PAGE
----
Welcome to part 2 of my White Christmas, Red Dress blog. This blog will cover how I made my underskirt, cape-let and how I applied that pesky fur trim.
If you’re interested in learning how I made my petticoat you could read part one of my blog here.
Let’s get started on the circle skirt. To start off I bought a matte satin at an extra wide width of 110” in order to make my circle skirt in one cut of fabric. If you are interested in having seams you can do this in quarters and halves with other fabric. I recommend adding pockets into those seams if you do go that route, because POCKETS!
Circle skirts are fairly easy for me personally, there’s also a couple really good circle skirt calculators out there. Here’s the two I use from By Hand London and Mood Fabric. I used the one from Mood for this skirt but both work equally well. So with my 27” waist I had a 4” radius with a 44” radius at full length. I cut my skirt on a double fold to make things easier for me.
From there, I picked a space to be the back slit, and cut down 8” then over locked the edge. This is where the skirt will open and close to get on. I chose the back because with the dress over it the slit wont be seen.
Next I made a waistband and for probably the first and last time I actually have photos of making it!
So, for the waist band I cut a 29” by 5” strip of red satin. I interfaced the satin and pressed in all the edges by half an inch.
Folded the band in half and pressed as well. Then sewed it onto the waist part of the circle skirt, lining up the edge with the slit in the back.
Finally for the hem, I just did a rolled hem on my over lock machine and called it a day.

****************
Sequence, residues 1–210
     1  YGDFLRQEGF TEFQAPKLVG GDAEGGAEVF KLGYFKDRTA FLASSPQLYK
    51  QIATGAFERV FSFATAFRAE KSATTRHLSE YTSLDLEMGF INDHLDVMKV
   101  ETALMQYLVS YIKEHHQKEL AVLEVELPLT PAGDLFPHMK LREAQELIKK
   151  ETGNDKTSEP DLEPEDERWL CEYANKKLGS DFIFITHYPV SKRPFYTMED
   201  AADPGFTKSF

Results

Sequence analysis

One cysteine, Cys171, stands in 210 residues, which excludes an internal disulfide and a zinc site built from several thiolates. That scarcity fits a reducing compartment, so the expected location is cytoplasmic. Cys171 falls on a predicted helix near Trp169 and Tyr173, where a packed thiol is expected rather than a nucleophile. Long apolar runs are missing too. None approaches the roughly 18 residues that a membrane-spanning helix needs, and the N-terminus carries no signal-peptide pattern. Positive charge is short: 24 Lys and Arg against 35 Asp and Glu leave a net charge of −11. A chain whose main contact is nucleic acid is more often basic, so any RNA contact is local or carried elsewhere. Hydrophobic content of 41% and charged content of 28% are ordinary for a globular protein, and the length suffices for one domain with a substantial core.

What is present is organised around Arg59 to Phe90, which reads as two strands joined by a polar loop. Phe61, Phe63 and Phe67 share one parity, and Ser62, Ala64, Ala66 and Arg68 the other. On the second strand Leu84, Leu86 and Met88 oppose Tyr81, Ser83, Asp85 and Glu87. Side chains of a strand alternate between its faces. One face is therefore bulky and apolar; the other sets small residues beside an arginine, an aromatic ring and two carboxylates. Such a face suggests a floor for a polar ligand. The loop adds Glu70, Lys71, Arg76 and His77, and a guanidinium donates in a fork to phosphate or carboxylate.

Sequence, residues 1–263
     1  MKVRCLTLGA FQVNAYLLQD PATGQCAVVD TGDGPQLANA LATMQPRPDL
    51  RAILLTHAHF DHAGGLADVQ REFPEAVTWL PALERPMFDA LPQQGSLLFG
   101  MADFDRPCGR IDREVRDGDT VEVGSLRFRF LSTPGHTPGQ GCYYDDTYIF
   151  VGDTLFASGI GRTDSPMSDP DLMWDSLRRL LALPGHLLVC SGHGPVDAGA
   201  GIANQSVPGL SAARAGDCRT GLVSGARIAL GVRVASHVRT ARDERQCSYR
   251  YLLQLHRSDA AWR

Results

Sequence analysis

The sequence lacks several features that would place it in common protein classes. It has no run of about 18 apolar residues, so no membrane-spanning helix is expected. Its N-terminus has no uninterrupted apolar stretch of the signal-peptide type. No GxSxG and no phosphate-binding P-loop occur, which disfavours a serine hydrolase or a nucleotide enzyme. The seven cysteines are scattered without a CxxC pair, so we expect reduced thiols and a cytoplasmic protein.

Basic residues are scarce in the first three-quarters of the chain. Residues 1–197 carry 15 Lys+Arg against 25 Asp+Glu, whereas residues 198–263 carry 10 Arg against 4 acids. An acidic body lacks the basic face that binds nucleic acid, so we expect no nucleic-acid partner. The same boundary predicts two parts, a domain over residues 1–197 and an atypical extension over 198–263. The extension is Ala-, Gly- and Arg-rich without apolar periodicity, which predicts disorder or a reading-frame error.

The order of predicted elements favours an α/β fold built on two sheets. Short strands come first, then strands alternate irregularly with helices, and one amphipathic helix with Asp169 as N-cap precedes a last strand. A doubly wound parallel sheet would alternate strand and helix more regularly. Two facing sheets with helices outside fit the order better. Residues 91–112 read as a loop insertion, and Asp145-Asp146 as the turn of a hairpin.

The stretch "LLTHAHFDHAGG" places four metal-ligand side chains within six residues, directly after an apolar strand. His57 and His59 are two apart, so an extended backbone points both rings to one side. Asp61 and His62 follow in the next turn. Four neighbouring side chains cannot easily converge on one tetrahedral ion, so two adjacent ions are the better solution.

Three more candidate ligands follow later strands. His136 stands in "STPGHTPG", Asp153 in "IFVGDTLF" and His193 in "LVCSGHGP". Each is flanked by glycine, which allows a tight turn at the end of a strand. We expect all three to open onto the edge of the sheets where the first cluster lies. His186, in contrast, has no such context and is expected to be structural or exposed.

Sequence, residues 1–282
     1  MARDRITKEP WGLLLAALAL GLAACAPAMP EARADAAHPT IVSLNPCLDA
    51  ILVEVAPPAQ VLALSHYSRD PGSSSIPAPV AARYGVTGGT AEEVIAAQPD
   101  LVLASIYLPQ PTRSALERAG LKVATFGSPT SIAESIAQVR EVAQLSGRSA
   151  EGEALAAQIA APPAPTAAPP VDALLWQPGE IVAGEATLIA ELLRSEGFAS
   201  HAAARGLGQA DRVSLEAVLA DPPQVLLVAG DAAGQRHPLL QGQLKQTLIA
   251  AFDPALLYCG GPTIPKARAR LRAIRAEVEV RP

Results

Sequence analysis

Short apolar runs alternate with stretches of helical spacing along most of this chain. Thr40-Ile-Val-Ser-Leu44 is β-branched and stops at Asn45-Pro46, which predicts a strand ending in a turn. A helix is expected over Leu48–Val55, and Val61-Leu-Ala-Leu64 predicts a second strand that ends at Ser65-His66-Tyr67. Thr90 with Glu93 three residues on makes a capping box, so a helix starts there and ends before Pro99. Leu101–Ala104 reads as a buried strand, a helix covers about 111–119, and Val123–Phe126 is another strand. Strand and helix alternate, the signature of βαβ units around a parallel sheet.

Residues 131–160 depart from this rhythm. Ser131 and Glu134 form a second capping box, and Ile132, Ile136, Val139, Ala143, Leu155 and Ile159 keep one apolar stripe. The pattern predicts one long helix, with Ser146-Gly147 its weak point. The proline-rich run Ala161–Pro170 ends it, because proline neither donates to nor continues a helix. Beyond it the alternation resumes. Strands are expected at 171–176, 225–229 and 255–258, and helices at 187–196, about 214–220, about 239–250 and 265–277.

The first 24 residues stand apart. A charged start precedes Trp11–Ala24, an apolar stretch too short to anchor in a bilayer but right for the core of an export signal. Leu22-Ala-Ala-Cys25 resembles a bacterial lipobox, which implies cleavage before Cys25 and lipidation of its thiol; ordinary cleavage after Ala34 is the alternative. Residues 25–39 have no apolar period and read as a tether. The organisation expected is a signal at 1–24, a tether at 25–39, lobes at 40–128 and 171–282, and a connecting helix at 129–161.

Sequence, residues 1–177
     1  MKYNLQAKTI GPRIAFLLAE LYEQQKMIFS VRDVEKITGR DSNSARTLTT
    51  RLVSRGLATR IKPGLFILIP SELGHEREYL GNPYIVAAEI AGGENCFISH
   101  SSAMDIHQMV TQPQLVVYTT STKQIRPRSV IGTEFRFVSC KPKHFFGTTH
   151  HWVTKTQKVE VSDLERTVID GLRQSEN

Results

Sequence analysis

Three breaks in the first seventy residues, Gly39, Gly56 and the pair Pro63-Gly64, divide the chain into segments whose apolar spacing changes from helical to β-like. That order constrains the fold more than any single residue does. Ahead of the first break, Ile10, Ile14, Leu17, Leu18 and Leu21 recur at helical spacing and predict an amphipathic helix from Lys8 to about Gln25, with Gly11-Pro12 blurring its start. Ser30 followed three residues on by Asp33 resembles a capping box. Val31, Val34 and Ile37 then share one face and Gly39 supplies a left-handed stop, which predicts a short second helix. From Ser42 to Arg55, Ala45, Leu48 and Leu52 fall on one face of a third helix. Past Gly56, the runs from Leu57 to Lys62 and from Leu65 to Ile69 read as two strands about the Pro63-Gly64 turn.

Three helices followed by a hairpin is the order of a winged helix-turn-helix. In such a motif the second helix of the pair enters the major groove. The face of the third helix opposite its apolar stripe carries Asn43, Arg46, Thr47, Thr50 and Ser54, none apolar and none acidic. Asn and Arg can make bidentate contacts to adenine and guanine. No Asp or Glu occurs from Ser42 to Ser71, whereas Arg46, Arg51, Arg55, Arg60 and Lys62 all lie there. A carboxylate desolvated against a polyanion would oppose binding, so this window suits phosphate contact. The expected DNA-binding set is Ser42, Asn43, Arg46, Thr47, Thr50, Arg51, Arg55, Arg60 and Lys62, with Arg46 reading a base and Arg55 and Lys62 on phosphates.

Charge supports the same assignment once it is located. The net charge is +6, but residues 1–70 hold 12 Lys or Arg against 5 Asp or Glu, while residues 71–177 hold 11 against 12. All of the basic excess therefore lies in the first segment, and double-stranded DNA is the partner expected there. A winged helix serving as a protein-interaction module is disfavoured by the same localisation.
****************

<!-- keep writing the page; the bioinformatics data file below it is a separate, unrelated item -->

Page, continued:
With the addition of two hooks in the back this skirt was ready to go over my petticoat.
And with the approval from Eva we were ready to start the cape-let!
Unfortunately I did not get very many photos of me cutting out the cape-let, but I used the same circle skirt method for this garment, instead of a circle skirt calculator I just used math and the pie formula. I found the radius of my neck, then cut out a circle that length of my neck to my elbow. From there I actually draped the neck circle onto my dress form in half to mark and pin how I wanted that front curve to look. It was a lot of just looking at my reference and guessing what it should be like.
Next I made a neck band inside the cape-let, I took the top of the neck circle, traced the curve onto a piece of satin, then measured 5” from that curve to make a second curve. Cut and repeat on interfacing.
Then I adhered the interfacing, over locked the edges and with right sides together I sewed the band to the cape-let.
I rolled the bottom hem of the cape-let to make a nice and clean edge for when I add the fur trim.
Finally I flipped the neck band inside, top stitched it and was ready for fur trim hell.
I chose to buy a 4” fur trim instead of making trim out of fabric and I am so glad I did. This costume took about 10 yards of this fur trim. I started by pinning the fur trim to the bottom of the cape-let. Then I noticed some major bumps in the top of my fur trim so I created a technique I call “nip and tuck”. I honestly don’t know if there is a technical term for this so just go with it I guess.
So how it worked was when I found a bubble like so:
I “nip” the peak of the bubble about half an inch to an inch in.
Then “tuck” one side under the other with the hair/fur covering the seam:
Rinse and repeat the entire top of the trim.
I chose to hand stitch the fur down which took me a little over 8 hours with the cape-let and skirt.
But there you have it, the finished cape-let.
There you have it, how I made my skirt and cape-let for my White Christmas Red Dress. The final part of this blog will be about the full length dress and rhinestone decoration.
I’ll be posting blogs every first and third Friday of the month so stay tuned.